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Five Major Things All Meetings Can Do Without
Jul 4, 2017
We've all been there. A meeting that was doomed from the off. Whether it was the poor planning that got you all into a room together, or the fact that nothing useful actually came out from the meeting.
Not only could this result in wasted time (time you could be using elsewhere), it could also mean your goals aren’t being met.
But not to fear, Communicate Better has you covered on all the things you should steer away from to guarantee a productive conference...
OK, so Sharon from Accounts keeps using your mug and you can’t let it go. You’re also pretty sure she’s drinking your squash. In fact, it’s definitely her. You saw her just last week drinking blackcurrant juice and where else would she get that?
We get it. You and Sharon; not BFFs. But a meeting is not the time or the place to be acting on your office feuds.
Although it can seem tempting to go off topic in a meeting, it’s never going to be the most productive use of your time – it’s only likely to make the whole room feel uncomfortable.
Instead, stay focused on the agenda, and encourage the rest of the team to do the same.
Because even if you’re not the one veering off topic, all it takes is one person to distract the whole group.
More often than not, meetings are held to address problems and conjure up a solution.
They are NOT a time to create more problems.
A poor attitude while you're sitting across from someone you don't particularly care for, may push you all further away from the end goal. Ultimately, everyone suffers.
So before you resort to defeat or put others’ ideas down, think about how you and your team can work together to make things better.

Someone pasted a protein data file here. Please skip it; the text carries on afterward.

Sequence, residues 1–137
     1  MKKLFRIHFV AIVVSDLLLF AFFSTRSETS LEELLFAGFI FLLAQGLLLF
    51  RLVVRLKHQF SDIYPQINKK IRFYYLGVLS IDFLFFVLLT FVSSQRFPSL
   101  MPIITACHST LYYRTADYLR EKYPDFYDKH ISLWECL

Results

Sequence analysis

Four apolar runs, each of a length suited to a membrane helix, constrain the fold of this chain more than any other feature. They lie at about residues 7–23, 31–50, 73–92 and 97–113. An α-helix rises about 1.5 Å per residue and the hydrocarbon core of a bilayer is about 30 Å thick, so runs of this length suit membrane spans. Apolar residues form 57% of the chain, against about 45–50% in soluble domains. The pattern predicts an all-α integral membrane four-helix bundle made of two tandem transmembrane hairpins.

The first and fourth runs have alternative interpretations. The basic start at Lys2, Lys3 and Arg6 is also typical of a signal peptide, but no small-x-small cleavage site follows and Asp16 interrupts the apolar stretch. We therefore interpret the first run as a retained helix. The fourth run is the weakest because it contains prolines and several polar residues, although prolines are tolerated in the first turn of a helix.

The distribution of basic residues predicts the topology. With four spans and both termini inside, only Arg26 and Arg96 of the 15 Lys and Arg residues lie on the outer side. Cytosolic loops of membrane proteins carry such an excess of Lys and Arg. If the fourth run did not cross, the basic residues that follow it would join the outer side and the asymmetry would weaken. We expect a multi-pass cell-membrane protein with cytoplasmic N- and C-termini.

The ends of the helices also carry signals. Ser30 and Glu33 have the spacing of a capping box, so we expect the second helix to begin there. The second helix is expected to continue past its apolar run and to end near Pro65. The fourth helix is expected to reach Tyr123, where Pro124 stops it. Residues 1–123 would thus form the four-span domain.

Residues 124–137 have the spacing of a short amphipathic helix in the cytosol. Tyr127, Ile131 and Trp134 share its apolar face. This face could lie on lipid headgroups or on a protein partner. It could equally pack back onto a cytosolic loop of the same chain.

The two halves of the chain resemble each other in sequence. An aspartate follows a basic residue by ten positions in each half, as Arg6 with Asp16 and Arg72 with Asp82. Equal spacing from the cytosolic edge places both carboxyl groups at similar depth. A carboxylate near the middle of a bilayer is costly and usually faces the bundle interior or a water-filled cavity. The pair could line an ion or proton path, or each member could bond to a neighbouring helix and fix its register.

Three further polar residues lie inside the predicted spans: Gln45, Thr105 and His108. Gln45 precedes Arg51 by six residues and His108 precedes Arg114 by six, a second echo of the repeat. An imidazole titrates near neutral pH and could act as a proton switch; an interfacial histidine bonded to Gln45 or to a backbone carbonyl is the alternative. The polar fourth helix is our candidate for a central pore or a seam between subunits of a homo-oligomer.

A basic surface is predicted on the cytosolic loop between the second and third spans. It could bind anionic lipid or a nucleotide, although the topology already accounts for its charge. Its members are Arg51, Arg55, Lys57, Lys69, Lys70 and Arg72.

Not only could your optimism encourage others to adopt the same approach, it’ll also paint you in a good light as a strong-minded professional.
3. Unnecessary invites
Let’s face it, everyone can get a bit click-happy when it comes to meeting invites.
This means that not only could you end up with a group of people far too big to actually be productive, you could also be wasting people’s (or your own) time. After all, it’s unlikely that everyone will even get a word in.
So if you feel like you won’t be adding any value (and you could make better use of your time), there’s probably no harm in politely declining an invite – especially if the meeting already has a large number of attendees. And the same goes if you’re the one in charge of sending invites.
That way, the group will be more likely to stick to the agenda, everyone involved will have a reason to be there, and there’ll be less chance of people getting bored.
You can always catch up on notes afterwards.
A meeting has one purpose; and unfortunately, that doesn’t usually involve checking social media, answering emails, catching up on sleep, and working on an unrelated piece of work all at the same time.
So if you tend to walk in armed with the contents of your desk, you’re probably not allowing yourself to focus effectively. How can you when you’re simultaneously filling out a spreadsheet?
Even if you look up from your phone/laptop/notebook occasionally, it’s doubtful that you’ll have any idea what’s going on. So stop getting distracted, and go hands-free.
Not only will you be more likely to have a productive meeting, you’ll also avoid coming across rude to the rest of your team.
A group of people don’t always agree with each other – meaning meetings are potential danger zones for petty arguments, defensive comebacks, or undermining comments.
Unfortunately, the people involved won’t even know they’re being unprofessional until another member of the team calls them out on their behaviour. This means that a conscious effort to remain calm, fair, and proficient is essential.
But how? Firstly, think before you comment on a team member’s idea or statement. Negative reactions like ‘I hate that idea’ or ‘that won’t work’ will only cause them to be defensive, not to mention discourage them from making any further suggestions.
Secondly, avoid pulling rank or being condescending with a colleague. Even if you’re technically more qualified than them, that doesn’t mean your opinion is always right.
And if you really need to discuss further? Take it outside (of the meeting). You can always revisit the topic under better circumstances.
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